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American Lung Association plans to end youth vaping

Roughly 350 miles from Pahrump, in Phoenix, an effort is underway to end vaping among youths.

The comprehensive plan to address youth vaping includes a national awareness campaign as part of a Vape-Free Schools Initiative, according to an American Lung Association news release.

The act of vaping involves the use of an electronic, or e-cigarette, device which simulates tobacco smoking. The device consists of a battery-powered atomizer and nicotine cartridge, from which the user inhales the vapor.

“In Arizona, 17.9% of high school students used e-cigarettes in 2019,” according to the Centers for Disease Control and Prevention’s 2019 Youth Risk Behavior Survey. “Vaping harms developing lungs and overall health and may place people at an increased risk for severe illness from COVID-19. Now, when protecting lung health is more important than ever, the American Lung Association announced a broad plan to end youth vaping.”

The release went on to state that as the school year resumes, more students might experience social pressures to vape, while others might begin to vape in response to stress, including stress related to COVID-19.

Arizona’s American Lung Association Leadership Board Chair Grant Smedley noted that many states are already facing what the U.S. Surgeon General refers to as a “youth vaping epidemic.”

“Our communities need support, and as the nation’s trusted champion of lung health, the American Lung Association is proud to offer parents and students proven approaches to end youth vaping in our communities and state,” Smedley said.

The American Lung Association’s comprehensive plan consists of four components aimed at ending youth vaping encompassing education, advocacy and research, including the “Get Your Head Out of the Cloud” public awareness campaign which equips parents with the facts about e-cigarettes and supports conversations before kids start to vape.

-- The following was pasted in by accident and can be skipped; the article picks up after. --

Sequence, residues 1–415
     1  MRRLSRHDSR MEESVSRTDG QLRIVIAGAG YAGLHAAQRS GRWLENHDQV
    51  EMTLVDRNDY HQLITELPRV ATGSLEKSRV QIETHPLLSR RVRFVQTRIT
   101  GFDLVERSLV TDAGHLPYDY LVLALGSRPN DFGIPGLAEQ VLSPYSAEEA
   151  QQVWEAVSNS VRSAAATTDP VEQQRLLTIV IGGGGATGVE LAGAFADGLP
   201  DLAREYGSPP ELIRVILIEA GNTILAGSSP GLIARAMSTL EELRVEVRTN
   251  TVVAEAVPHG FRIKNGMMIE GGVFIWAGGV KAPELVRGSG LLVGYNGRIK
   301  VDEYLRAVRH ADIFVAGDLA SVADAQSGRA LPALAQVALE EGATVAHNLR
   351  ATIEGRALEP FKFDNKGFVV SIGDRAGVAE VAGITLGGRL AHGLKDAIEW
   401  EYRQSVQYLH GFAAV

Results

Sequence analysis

The Vape-Free Schools Initiative is also designed to help school administrators and educators address the surge of youth vaping through guidance while implementing a comprehensive tobacco use policy.

The policy is an alternative to a suspension program for students found to be noncompliant with existing tobacco use policies and offers a voluntary youth-centered tobacco cessation program, including vaping cessation assistance.

“Participating schools will be recognized as part of the American Lung Association Vape-Free Schools Initiative in their communities and with parents and staff,” the release noted.

Officials also plan to initiate a $2 million research investment to understand the effects of vaping on developing lungs.

The American Lung Association is also partnering with Northwestern Medicine in a $25 million funded grant, courtesy of the National Institutes of Health, to study the longitudinal lung health of millennials, including the long-term impact of vaping.

Moreover, the campaign includes free educational resources and guides, conversation starters and facts about vaping at TalkAboutVaping.org. There is also a video on YouTube.

For more information about the American Lung Association’s work to end youth vaping, visit TalkAboutVaping.org.

Contact reporter Selwyn Harris at sharris@pvtimes.com. On Twitter: @pvtimes

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